Latest science blog posts from the Royal Botanic Garden Edinburgh

Jun 252014
19th Century Recycling

I’ve said this before but sometimes you find amazing things when raking through the herbarium cabinets. I first came across this specimen when I was part of the digitisation team specifically working on Himalayan Type specimens. Although this is not a Type specimen, they are first records of these plant species from Bhutan and it [...]

Jun 232014
Tea (Camellia sinensis) at the RBGE

Everyone loves a good cup of tea – as evidenced from our Assam tea bush in the Temperate Glasshouse at Edinburgh. As well as living plants at the Royal Botanic Garden Edinburgh we have, lurking in herbarium cabinets, some amazing historic Tea specimens. James McNabs’s teaching specimens. These two specimens would have been used to [...]

Jun 232014
Biodiversity implications of potentially cryptic species: Using the simple thalloid liverwort Aneura as a model

We are hosting a small two-day workshop at the Royal Botanic Garden, Edinburgh on the 11th-12th September 2014 to discuss issues around morphologically cryptic species, whether we can gather meaningful ecological data for them, and how to deal with issues of cryptic plant rarity. RBGE holds a large molecular data set for Aneura, comprising recognized [...]

Jun 122014
The Anderson Brothers of Calcutta

While looking for monuments to people with Indian connections in the Dean Cemetery recently, I was intrigued to see the letters ‘FLS’ emerging from the fringes of an ugly golden cypress that had grown across, and almost entirely obscured, a grave. It turned out to be appended to the name Thomas Anderson (1832-1870), well known [...]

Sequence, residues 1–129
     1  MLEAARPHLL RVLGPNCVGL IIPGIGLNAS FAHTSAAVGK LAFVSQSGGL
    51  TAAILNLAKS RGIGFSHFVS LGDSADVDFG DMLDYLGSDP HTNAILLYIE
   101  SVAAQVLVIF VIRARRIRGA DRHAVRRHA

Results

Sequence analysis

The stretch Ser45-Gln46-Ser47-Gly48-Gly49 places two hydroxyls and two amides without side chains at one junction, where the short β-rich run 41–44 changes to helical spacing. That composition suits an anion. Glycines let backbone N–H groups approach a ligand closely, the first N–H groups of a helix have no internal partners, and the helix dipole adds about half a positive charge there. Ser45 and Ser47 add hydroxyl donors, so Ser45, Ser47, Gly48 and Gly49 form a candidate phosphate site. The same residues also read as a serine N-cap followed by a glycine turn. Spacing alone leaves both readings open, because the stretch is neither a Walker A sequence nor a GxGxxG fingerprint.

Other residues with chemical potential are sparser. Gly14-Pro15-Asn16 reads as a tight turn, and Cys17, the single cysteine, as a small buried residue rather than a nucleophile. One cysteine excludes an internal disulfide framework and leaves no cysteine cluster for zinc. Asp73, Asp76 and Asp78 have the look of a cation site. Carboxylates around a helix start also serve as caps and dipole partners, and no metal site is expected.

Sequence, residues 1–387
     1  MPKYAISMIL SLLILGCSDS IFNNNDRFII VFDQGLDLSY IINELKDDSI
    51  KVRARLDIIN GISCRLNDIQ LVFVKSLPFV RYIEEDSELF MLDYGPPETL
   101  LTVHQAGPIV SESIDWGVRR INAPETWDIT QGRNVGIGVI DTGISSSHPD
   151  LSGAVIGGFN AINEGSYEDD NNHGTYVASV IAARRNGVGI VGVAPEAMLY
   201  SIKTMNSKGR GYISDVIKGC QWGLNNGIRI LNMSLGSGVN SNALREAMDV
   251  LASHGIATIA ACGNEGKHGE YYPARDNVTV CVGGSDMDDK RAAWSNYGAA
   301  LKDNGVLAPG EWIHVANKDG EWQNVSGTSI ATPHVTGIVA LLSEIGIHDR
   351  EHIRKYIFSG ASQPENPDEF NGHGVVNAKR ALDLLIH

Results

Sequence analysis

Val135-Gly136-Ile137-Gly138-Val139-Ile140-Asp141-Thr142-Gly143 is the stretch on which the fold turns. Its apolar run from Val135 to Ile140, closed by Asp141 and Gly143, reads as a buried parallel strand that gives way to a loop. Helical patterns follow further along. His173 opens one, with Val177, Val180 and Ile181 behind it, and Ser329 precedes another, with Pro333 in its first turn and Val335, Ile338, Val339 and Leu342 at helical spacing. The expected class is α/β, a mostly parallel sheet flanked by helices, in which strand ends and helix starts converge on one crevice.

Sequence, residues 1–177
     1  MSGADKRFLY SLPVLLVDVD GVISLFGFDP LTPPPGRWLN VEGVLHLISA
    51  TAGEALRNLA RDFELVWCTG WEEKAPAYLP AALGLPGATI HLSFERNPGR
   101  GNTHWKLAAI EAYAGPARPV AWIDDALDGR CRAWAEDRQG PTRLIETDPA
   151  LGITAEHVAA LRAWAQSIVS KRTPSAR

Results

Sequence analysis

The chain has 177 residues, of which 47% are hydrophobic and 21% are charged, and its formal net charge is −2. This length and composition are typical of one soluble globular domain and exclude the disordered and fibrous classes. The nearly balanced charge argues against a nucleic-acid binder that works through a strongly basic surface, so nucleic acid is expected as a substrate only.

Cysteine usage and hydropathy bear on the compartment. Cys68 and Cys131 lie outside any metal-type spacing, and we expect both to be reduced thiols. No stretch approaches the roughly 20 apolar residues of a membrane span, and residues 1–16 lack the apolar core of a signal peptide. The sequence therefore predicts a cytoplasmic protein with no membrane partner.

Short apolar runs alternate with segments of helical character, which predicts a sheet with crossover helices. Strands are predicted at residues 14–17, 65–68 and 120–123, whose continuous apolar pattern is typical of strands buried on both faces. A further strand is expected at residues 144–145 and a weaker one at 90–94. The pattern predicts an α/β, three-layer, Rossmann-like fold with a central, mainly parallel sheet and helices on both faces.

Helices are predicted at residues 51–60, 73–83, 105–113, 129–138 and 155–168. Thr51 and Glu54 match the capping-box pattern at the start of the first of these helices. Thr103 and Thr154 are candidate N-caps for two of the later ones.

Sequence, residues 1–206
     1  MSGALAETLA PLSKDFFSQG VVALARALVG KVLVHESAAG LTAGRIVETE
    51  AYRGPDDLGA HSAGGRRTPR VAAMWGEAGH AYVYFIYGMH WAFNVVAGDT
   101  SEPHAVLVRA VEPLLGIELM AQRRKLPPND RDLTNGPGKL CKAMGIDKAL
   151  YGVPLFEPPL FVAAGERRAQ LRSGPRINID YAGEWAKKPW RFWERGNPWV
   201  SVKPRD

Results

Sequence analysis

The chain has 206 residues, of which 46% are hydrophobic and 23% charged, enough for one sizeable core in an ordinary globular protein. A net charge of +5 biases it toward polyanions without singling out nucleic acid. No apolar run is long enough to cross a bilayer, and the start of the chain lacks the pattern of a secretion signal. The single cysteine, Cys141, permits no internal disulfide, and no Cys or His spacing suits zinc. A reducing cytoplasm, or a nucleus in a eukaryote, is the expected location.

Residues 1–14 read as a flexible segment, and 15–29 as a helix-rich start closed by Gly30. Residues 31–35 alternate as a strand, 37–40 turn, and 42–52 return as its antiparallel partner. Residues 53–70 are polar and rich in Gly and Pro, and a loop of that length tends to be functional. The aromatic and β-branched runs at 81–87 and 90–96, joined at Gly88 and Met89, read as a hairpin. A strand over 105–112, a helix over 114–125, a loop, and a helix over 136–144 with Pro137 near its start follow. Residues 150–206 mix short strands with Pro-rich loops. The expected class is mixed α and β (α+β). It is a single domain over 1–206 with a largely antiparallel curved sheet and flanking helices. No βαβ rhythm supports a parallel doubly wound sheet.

Jun 092014
Sir George Watt (1851-1930)

Born on the 24th of April 1851 in Old Meldrum, Aberdeenshire, Scotland. He was educated at the Grammar School, King’s College and Marischal College, Aberdeen, and later attended both the University of Aberdeen and the University of Glasgow, eventually graduating as a Doctor of Medicine. After graduating he took the teaching role of prodissector to [...]

Jun 032014
New Maltese Fern

Stephen Mifsud, botanist and former MSc student at the Garden, has discovered a new fern on the island of Malta. The fern is a new subspecies of Polypodium vulgare called melitense in recognition of its discovery on Malta. The widespread form of this fern, generally called common polypody, is found throughout Europe extending into the [...]

May 022014
Really Wild Veg - 2014 growing trials

Building on the success of the Really Wild Veg trials last year we will be doing further growing trials this year. Last year we grew beet, radish and cabbage varieties, including both modern F1 hybrid and heritage varieties, alongside their wild relatives to assess differences in yield, taste, nutritional content and pest/disease incidence. The trial [...]

Apr 172014
More on the importance of bryophytes

As a follow-on to my post about why bryophytes are important is this thoughtful piece by Dr Janice Glime, author of the comprehensive and freely downloadable book Bryophyte Ecology: In some ecosystems, bryophytes are much more important than in others, but in most systems they are important in many ways.  They house a wide range [...]

Apr 152014
Why bryophytes matter

As someone who has used taxpayers’ money to fund research on bryophytes (the collective term for mosses, liverworts and hornworts), ‘But why do bryophytes actually matter?’ is one of those questions you start to dread. Admittedly it’s not one everyone asks, presumably as many people haven’t realised that there IS a collective term for mosses, [...]